Wednesday, January 11, 2012
Joe Macey loves to read a room. The veteran singer and guitarist says he has a knack for quickly determining what tunes will get his audience engaged.
"Roping them in is the part I love," Macey says, and he's been loving it for 37 years.
Macey performs from 3 to 5 p.m. Saturday in the first afternoon apres-ski music event of the season. It's also his first appearance in the Copppertop, and Macey says he's combing through his song book for "mountain music," thus far tucking away nuggets by James Taylor, Cat Stevens, and (natch') John Denver.
Early in his career, Macey went headlong into country music and had a great run through the region before heading to Nashville to work on an album in the mid-90s. His single from the record, "Lonesome Rider," sold well and recently had a sales bump when it was placed on several digital music services.
"We sold another 3,000 copies of the song, with the single biggest sales coming from China, followed by Mexico," Macey notes (you can hear the song and few others by clicking the link beneath Macey's photo).
When Macey returned from Nashville to Sturbridge, many of the venues that supported local country music no longer did. So out of necessity, he expanded his repertoire, and teamed for several years with an old musical ally from his youth, Tim Hart. Those two parted ways about a year ago, and Macey developed his current solo show. He does have a new duo in the works with singer Liz Hartmann, and that project will debut in April.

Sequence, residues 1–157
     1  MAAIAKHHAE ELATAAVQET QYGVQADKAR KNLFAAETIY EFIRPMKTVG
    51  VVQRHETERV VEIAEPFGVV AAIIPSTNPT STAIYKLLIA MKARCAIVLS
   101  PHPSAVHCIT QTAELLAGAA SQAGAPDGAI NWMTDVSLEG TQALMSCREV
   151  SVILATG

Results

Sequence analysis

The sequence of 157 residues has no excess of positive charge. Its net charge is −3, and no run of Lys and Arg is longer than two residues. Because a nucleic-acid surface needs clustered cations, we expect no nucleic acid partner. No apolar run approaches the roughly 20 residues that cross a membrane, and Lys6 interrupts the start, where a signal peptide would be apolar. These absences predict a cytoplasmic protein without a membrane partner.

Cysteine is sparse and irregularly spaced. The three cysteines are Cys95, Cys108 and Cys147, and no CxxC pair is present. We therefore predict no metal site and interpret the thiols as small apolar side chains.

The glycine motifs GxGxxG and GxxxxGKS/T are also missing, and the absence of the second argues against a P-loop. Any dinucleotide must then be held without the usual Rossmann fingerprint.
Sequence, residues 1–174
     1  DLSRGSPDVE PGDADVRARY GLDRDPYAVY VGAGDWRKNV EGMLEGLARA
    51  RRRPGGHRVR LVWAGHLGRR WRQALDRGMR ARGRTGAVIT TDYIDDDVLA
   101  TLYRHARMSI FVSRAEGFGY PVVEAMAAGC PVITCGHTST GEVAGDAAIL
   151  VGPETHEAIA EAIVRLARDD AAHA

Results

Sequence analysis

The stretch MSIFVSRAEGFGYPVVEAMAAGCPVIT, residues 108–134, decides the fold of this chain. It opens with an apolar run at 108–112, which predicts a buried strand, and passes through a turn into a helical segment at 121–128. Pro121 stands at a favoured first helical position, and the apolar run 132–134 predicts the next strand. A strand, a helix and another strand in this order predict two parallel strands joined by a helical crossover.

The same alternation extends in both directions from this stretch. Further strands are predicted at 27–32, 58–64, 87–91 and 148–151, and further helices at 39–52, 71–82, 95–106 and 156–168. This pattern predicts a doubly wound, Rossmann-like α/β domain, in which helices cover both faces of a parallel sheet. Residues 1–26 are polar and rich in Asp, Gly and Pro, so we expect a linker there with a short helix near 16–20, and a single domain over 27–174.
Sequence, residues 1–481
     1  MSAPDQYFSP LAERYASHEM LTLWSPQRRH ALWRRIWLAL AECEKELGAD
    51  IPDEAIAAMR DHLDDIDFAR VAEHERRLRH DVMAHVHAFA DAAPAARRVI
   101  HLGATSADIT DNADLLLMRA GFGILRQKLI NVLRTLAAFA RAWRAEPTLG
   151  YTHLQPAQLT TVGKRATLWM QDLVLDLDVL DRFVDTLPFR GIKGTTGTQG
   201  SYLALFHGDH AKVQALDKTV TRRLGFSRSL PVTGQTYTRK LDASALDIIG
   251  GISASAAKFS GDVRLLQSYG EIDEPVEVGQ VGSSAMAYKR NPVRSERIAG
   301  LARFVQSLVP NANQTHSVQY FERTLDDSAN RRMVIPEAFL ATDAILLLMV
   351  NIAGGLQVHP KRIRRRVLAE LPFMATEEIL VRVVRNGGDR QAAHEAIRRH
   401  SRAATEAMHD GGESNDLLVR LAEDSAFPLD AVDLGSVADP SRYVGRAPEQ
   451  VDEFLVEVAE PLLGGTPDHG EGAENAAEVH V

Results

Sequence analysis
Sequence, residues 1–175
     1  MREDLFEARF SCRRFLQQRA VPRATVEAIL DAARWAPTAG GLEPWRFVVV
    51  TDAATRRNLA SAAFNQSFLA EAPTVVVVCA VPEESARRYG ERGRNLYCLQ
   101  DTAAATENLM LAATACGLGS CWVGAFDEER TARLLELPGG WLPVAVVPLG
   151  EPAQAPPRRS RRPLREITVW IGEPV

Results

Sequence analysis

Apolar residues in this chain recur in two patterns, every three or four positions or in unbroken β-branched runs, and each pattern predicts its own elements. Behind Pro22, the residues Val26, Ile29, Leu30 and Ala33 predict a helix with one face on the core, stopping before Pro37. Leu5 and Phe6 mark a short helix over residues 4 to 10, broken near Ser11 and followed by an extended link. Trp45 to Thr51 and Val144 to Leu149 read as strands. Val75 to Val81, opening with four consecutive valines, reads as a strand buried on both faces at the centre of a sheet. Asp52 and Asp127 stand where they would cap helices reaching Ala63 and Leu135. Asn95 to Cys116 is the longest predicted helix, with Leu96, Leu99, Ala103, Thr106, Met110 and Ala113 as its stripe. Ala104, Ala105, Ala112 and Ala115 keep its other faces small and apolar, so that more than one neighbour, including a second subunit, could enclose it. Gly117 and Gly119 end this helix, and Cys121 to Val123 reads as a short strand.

"When the local country scene dried up, I decided to do whatever I had to to stay working. I learned songs in every genre. I kept my country roots, but I have the ability to play rock and roll," he says.
Macey says he doesn't like to take breaks once his set gets going, so settle in once he starts strumming.
"There's definitely a rhythm to my shows," he says. "I like to keep going and going so the show peaks when it should peak. I like to work hard. Maybe that's not the best for my vocal cords."
But that work ethic has seen this full-time musician through so many changing times and styles that there's no stopping him now.